Other supporters of writing off student loan debt posit it as a means through which a Biden administration could immediately “build Black wealth.” Jarrell Dillard, writing for Bloomberg, argues that writing off large amounts of this debt would help toward “shoring up finances for Black households on the wrong side of yawning gaps in wealth and income.”

One study found that forgiving at least US$50,000 of student loan debt per borrower would instantly boost the median wealth of Black households by some 34%.

But how would a Biden administration go about this task?

Under the Higher Education Act of 1965, which first created the federal student loan program, the Education Secretary is authorized to “compromise, waive or release” federal student loan debts.

Some have argued that this language would give a Biden Education Secretary the power to cancel large amounts of student loan debt without the need to go through Congress to do so. Senate Minority Leader Chuck Schumer has argued that Biden could cancel student loan debt “with the pen as opposed to legislation.”

Others are not so confident. Ryan D. Doerfler, a law professor at the University of Chicago, believes that such a move would immediately be met with legal challenges.

However, Doerfler also believes this should not dissuade a Biden administration from trying, as the professor argues it is “better to pursue debt cancellation through executive action than pray for Mitch McConnell to have a change of heart.”

The solution?

Even if a Biden administration used the powers of the executive to cancel some or all student loan debt, this may still not be enough.

Kevin Carey, director of the education policy program at the think tank New America, has argued that debt cancellation alone is insufficient toward addressing a more fundamental problem with Higher Education.

Should a Biden administration cancel debt through executive action, “the day after any kind of mass loan forgiveness went into effect, the tide of debt would begin rising again.”

Structural changes — such as eliminating tuition at public universities for those from families earning under US$125,000 a year, making community college free for 2 years and providing more funding for Historically Black colleges and universities — would all require the approval of Congress.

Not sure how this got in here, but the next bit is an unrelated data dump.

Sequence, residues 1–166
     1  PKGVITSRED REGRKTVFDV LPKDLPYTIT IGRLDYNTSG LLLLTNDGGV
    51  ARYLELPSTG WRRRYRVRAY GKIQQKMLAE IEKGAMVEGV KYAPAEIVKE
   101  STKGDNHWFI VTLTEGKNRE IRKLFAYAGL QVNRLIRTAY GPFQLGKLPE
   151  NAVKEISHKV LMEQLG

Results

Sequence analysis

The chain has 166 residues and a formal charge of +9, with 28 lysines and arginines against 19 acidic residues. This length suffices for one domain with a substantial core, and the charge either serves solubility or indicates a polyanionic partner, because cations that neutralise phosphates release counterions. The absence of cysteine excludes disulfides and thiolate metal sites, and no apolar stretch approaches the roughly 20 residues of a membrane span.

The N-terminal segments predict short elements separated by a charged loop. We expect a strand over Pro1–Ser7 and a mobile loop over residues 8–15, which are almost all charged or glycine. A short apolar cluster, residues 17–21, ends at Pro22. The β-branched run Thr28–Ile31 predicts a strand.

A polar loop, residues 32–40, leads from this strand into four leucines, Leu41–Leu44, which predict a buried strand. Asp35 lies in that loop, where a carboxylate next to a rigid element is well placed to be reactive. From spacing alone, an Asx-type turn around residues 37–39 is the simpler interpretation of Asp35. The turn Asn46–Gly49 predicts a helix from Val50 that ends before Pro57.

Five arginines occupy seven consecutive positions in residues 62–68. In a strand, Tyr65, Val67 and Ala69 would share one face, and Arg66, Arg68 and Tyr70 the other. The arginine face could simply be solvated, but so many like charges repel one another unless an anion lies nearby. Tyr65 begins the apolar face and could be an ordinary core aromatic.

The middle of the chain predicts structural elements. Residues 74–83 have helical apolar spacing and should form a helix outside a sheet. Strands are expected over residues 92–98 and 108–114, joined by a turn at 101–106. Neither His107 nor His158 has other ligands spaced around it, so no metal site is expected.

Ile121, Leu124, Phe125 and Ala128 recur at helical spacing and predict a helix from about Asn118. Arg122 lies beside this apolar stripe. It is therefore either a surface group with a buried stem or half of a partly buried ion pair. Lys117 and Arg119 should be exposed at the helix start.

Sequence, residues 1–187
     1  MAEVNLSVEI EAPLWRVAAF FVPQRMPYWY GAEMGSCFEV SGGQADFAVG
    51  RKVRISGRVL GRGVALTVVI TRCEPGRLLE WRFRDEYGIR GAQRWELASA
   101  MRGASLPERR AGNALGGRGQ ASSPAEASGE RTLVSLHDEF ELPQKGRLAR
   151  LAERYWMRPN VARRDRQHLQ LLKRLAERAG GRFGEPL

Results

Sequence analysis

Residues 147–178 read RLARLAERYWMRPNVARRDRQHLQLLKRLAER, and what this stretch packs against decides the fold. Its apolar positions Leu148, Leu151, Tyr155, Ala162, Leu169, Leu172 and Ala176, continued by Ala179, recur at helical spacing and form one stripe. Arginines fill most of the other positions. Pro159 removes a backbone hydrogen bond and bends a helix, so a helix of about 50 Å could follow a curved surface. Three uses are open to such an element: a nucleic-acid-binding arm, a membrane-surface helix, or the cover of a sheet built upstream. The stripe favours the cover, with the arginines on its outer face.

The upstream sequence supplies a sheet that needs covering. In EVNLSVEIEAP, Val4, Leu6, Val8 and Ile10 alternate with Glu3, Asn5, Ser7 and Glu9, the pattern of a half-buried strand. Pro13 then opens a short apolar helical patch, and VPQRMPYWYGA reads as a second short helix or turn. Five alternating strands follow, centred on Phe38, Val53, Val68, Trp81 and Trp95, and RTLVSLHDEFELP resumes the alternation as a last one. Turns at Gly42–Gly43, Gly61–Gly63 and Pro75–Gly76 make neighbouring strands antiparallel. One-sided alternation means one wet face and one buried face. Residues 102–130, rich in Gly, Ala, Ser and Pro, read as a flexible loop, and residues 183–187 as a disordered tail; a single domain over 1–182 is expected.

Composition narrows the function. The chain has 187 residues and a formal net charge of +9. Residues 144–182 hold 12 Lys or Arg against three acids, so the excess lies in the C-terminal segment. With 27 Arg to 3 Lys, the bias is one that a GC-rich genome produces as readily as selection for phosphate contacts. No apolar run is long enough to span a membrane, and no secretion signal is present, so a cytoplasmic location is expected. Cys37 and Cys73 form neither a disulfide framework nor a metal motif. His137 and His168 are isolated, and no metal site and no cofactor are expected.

As Carey argues, “debt forgiveness alone would be like treating a contaminated river without stopping the source of the pollution. Truly resolving the student debt problem will require tackling many other parts of the machinery of higher education,” which President Biden could not achieve through executive action alone.

Other commentators have argued that student debt forgiveness is in itself not an effective economic stimulus and, according to Bloomberg’s Noah Smith, “canceling student debt might provoke a backlash among those who don’t have any loans” or “those who paid off their loans early might feel that their frugality was being punished.”

But, as New York Times Opinion writer Roxane Gay writes, this shouldn’t be the case.

“No one benefits from everything our government does,” Gay argues, but student debt cancellation would prove effective, if not total, relief from a “kind of debt from which there is often no escape.”

This alone should make it worthy of consideration, even if cancellation would not affect those who either paid off their loans or did not take any out in the first place.

Following his inauguration on January 20, 2021, President Biden’s administration will have pressing issues to address regarding the student debt crisis that is brewing amid the economic fallout caused by the coronavirus pandemic.

Though the path the Biden administration may take going forward is unclear, what is certain is that student loan debt will only increase unless drastic change occurs.

Originally published at https://themilsource.com on November 25, 2020.

News features from The Millennial Source

Get the Medium app

A button that says 'Download on the App Store', and if clicked it will lead you to the iOS App store
A button that says 'Get it on, Google Play', and if clicked it will lead you to the Google Play store